The Los Angeles Times reports on the intense lobbying underway to undermine any significant regulation in the financial industry despite the events which lead to the financial crisis of 2008.
Having failed to block financial reform, Wall Street is now focused on the next best thing: ensuring that the law is loosely interpreted and weakly enforced.
Lobbyists for banks, hedge funds and other firms have logged hundreds of meetings with federal regulators since the reform bill was signed into law July 21. The lobbyists are often pushing for exemptions to the bill’s key provisions, including measures that would limit risky Wall Street trading and shield consumers from excessive bank fees, records and interviews show.
In an Aug. 18 meeting with Federal Reserve officials, for instance, Citigroup lobbyists warned that new rules restricting trading by hedge funds “may have a significant impact on the competitiveness of U.S. firms,” according to a summary released by the Fed.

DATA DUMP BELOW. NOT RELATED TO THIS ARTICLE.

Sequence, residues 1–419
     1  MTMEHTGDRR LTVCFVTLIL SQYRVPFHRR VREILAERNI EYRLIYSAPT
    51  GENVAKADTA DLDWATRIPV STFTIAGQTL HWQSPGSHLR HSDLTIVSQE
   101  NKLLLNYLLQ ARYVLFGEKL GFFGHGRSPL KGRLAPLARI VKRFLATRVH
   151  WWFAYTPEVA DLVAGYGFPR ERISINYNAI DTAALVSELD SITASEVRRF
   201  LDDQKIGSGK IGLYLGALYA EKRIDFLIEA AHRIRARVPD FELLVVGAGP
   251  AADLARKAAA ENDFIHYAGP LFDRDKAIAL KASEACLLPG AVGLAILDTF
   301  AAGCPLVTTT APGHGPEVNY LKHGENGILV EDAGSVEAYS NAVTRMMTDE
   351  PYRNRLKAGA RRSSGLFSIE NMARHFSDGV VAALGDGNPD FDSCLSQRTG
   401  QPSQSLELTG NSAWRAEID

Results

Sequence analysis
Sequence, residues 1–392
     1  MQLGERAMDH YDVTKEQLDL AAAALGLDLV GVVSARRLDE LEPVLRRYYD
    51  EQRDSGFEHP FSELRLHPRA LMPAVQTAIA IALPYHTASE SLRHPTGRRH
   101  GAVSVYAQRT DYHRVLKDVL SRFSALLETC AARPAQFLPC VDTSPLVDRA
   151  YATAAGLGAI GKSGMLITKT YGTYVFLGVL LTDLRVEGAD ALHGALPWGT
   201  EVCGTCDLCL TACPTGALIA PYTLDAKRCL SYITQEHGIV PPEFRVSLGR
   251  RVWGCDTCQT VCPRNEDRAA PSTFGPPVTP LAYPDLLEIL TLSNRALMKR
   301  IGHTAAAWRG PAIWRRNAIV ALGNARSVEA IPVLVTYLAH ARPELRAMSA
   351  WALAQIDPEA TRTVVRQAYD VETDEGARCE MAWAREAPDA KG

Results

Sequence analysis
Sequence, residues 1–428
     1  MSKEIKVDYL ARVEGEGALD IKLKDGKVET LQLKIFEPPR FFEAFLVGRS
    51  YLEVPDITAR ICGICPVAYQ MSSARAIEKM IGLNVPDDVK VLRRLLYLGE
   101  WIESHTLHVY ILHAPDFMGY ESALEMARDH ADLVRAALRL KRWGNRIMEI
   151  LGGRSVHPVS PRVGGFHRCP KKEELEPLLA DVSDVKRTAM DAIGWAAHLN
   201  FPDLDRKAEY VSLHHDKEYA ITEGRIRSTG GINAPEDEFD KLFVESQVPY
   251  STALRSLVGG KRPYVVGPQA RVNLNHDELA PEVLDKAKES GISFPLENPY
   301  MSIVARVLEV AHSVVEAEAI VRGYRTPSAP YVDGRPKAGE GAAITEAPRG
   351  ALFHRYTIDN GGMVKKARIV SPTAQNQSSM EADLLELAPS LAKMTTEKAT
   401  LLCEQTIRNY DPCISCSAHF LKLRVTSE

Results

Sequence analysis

The incessant appeals — there were 18 separate meetings between lobbyists and government officials Sept. 28 alone — have become a sore spot with some regulators.
“I want to be professional and polite and courteous, and I’ll let them say their peace,” said Bart Chilton, a member of the Commodity Futures Trading Commission. “But I don’t think it’s a very valuable use of their time or mine, because that is not the direction we were instructed to go by Congress.”
The meetings would normally be cloaked in secrecy. But in keeping with the spirit of financial reform, the Fed, the CFTC and two other agencies have begun disclosing their contacts with lobbyists on the new reform law, providing a rare glimpse behind the curtain.
The names listed most frequently in the logs are Goldman Sachs, with 21 meetings with regulators, and JPMorgan Chase, with 23. Jamie Dimon, chairman and chief executive of JPMorgan, was among those in attendance when a bank contingent met Oct. 8 with Federal Deposit Insurance Corp. Chairwoman Sheila Bair, records show.
In all, regulators have had at least 510 meetings with lobbyists representing 325 organizations since July, according to a Times analysis of meeting logs. That’s when the Fed, the SEC, the FDIC and the CFTC first began keeping the logs on their websites, in the spirit of transparency that was a driving factor for the financial reform law.